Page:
Mail comes to our house. Bills and postcards and renewal notices with some Chinese takeout menus for good measure. These things do not draw any interest from our children, except if they can be scribbled on.
Neither has the wave of kid-gear catalogs that come in the mail as well. We’ve been getting at least one catalog a day for the entire life of our children, ever since we foolishly made a baby registry at Babies R’ Us and they sold our information to a hundred different prolific direct mail marketers. Caveat emptor, registry users—they’ll be making money off your address until your kid is in college, and you’ll be recycling landfills full of catalogs you never asked for.
Yesterday, for the first time, our 4-year-old daughter noticed one of those catalogs—maybe it was Mini Boden—and immediately clutched it to her chest. “This is mine,” she said, and ran inside with it.
She then sat with it on the couch for a good 30 minutes and read it like a children’s book. Then she took a marker and starting circling things. The things she circled, she said, were things that she wanted to buy.
This has been building queasily for a little while. She’s been into money lately, putting coins in a piggy bank painted psychedelic colors. When it was time to buy her winter shoes that fit, she was incredibly engaged in the process, arguing for which shoes she wanted, then prancing around when we got home with her purchase (she didn’t get to make all the decisions, but it was definitely her idea to get the pink boots with a decal of different princesses on them).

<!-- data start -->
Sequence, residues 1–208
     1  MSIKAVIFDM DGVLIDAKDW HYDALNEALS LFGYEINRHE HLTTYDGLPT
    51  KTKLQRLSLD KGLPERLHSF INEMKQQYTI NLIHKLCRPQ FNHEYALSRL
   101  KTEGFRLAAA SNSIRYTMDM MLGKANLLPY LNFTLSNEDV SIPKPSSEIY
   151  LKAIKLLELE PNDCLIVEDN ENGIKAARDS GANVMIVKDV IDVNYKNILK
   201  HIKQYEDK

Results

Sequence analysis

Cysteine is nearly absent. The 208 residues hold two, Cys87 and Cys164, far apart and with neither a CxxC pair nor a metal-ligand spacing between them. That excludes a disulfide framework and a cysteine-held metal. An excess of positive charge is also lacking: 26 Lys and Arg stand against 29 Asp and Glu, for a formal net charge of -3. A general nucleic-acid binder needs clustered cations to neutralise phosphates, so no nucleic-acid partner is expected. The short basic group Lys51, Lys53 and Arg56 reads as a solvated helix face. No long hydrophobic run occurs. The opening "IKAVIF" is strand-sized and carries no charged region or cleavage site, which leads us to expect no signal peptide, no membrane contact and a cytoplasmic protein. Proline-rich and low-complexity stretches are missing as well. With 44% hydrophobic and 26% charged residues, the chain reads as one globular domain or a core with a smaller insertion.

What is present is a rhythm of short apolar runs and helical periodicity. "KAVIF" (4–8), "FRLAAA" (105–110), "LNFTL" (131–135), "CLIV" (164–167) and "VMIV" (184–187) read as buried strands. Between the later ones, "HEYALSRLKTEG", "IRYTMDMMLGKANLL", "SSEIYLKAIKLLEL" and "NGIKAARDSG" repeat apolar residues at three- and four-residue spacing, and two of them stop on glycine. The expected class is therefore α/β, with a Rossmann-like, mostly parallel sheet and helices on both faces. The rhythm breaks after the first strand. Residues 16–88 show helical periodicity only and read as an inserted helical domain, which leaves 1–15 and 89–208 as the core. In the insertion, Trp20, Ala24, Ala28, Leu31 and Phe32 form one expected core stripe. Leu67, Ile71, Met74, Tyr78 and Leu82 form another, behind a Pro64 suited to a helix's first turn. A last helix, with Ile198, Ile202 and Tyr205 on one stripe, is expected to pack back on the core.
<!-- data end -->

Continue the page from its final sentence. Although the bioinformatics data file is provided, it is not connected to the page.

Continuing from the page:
I don’t know why this makes me sad. It certainly shouldn’t surprise me. This is the life she is growing into, a life of piggy banks and catalog shopping. My flirtations with anarchist communal living were short-lived and ill-conceived, and I am now a consumer in the American model as much as anyone. But I hate that my daughter, who like all kids seems to have infinite possibility within her, has to grow into and adopt the ways of a fallen world. Our ways diminish her.
There’s also something about shopping, about the oddly transactional nature of trying to find happiness in the purchase of a material thing, that is so… futile. I see her feeling good about her shoes and I think about how she’s going to learn that it’s not enough, that it’s a quick and false high, whether it’s shoes or a car or a house, that we get from acquiring things. These are difficult lessons in disappointment, particularly for people who are truly trapped in the maw of the earn-and-spend lifestyle. I don’t like to think about her having to feel that same kind of disappointment and confusion.
I am prattling, of course. Just because she has perfect skin and an overactive sense of wonder now doesn’t mean that I can prevent her from becoming a flawed adult.
But still: Mini-Boden?!